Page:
BRC rides the range for safety at SAAF

 

1st Lt. Robert Hasslocher, followed by Lt. Col. Bryon Martin, opt to ride their own motorcycles instead of the smaller, lighter bike provided by the course. It was a perfect day for riding the MSF range at Stuttgart Army Airfield, April 18. Photo by John Reese, USAG Stuttgart Public Affairs

By John Reese
USAG Stuttgart Public Affairs

A lot of thought and practice goes into safely riding a motorcycle. There’s much more to commuting on two or three wheels than simply jumping into the saddle and turning the key; there’s personal responsibility, military regulations, German (and other European) laws and constant situational awareness.

“You have the option of using your own motorcycle or ours,” said Stefan “Gogo” Bockisch, who has traveled all over Germany for the past decade teaching motorcycle safety to U.S. military ID cardholders. He indicated a 250 cc “Ninja” with a few scuff marks from previous classes. “You can use our fuel and our tires.”

May is designated motorcycle safety month, and some riders, including one who rode from Grafenwoehr, got a head start by participating in a Motorcycle Safety Foundation Basic Rider Course at Stuttgart Army Airfield, April 18.

Bockisch, a MSF rider coach, kept the class interesting with a mix of humor and facts about riding in Germany, and the differences between laws in other European Union countries.

From left, MSF rider coach Stefan “Gogo” Bockisch, BRC checklist in hand, discusses TCLOCS with Lt. Col. Bryon Martin and 1st Lt. Robert Hasslocher, April 18. The CONEX classroom can be seen in the background. Photo by John Reese, USAG Stuttgart Public Affairs

“This keeps the class from being boring. Interesting facts make the it more involved,” Bockisch said.

The BRC, sponsored for the Stuttgart military community by the Installation Management Command – Europe, is a mandated class necessary to get a Class 1 designation on a U.S. Forces in Germany license. A minimum of five and up to a dozen students may sign up for a class, but Bockisch encourages riders to check for last-minute cancellations. In the April 18 BRC, a senior noncommissioned officer was sent home after Bockisch found he had no temporary motorcycle license issued by the garrison or, in the case of riders who are taking the course again to maintain their license, a Class 1designation.

“You must have an endorsement on your (U.S. Forces) license or a temporary license to take the course,” Bockisch said. “Maybe five percent of students are sent home due to not having the right paperwork.”

Having the endorsement basically requires that service members arrive in Germany with a motorcycle endorsement already on their stateside license, otherwise it becomes a “Catch-22” situation; you need to take the MSF course to ride in Europe, but you can’t attend the course if you don’t have a motorcycle license. Getting a U.S. Forces license requires one already has a regular state license to drive – there is no “driver’s ed.”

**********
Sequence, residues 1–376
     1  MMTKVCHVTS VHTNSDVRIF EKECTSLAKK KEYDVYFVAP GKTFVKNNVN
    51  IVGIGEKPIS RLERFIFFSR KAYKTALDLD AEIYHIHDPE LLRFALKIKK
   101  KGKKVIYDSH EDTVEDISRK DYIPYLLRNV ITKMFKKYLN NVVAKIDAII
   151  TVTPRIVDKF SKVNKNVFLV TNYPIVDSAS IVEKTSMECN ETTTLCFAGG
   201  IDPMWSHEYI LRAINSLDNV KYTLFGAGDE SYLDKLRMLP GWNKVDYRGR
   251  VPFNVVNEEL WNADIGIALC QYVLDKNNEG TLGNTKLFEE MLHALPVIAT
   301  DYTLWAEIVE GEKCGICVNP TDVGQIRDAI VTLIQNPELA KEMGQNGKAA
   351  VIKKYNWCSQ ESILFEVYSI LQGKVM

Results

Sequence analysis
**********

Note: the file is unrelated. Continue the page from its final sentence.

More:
The Stuttgart class begins in a repurposed shipping container, which was surprisingly cool despite the beating sun, before moving to a course of painted lines and slalom cones arranged on a smooth, flat, blacktop surface. After a TCLOCS (tires, controls, lights, oil, chassis and stands) inspection, the class was put through its paces. Students had to demonstrate maneuvers such as tight turns within a painted box, sudden braking and more.

MSF rider coach Stefan “Gogo” Bockisch demonstrates an optional one-handed control maneuver after circling the range through two sets of differently spaced cones, April 18.

“I’ve been riding for about five years,” said Air Force Lt. Col. Bryon Martin, U.S. European Command. “There’s always a lot to learn.”

His classmate had a lifetime of riding experience.

“I’ve been riding off-road for 20 years,” said 1st Lt. Robert Hasslocher, Headquarters, NATO, who rode from Grafenwoehr to participate in the Stuttgart BRC. “I’ve been on street bikes for about three years.”

After successfully demonstrating their skills, the class returned to the conex for the final hurdle, a written exam. Students who passed got a signature from Bockisch to get the coveted Class 1 endorsement.

Upcoming MSF classes

  • Basic Rider Course – July 26
  • Intermediate Driver’s Training (classroom block of instruction) – Sept. 6
  • Experienced Rider Course – June 21, July 12, Aug. 2 and Sept. 27

Civilians or family members who need training should contract rider mentor coaches Sgt. 1st Class Aaron Silberman at 431-2198 or Mr. Gordon MacMillan at 430-2226. If you have problem trying to register online or for non-Army enrollment, contact the garrison Safety Office at 430-5472. IMCOM MSF courses are for service members only. Personnel must register online via (CAC-enabled) at the U.S. Army Traffic Safety Training Program Registration System at https://imc.army.mil/airs/Home.aspx.

Time for reflection
When in doubt about protective, reflective riding gear, look to Army Europe Regulation 190-1, 5.6 and DODI 6055.04, which defines protective clothing. Service members (and civilians and family members riding on post) in the Stuttgart military community will wear a vest, jacket, upper garments, or motorcycle clothing that incorporates fluorescent and highly reflective material when operating or riding as a passenger on a motorcycle, moped, motorbike, ATV, or similar vehicle at all times on or off post. Military uniforms, including physical fitness wear such as reflective vests or belts, won’t do.

(Editor’s note: For Motorcycle Safety Month, the “Good Ride Salutes USAG Stuttgart” motorcycle rally takes place May 20. The fun and comradery of the open highway begins at 8:30 a.m. on the Panzer Kaserne parade field with check-in, followed by coffee, a blessing of the bikes, a poker run, entertainment and more. Register here or visit the garrison MWR page.)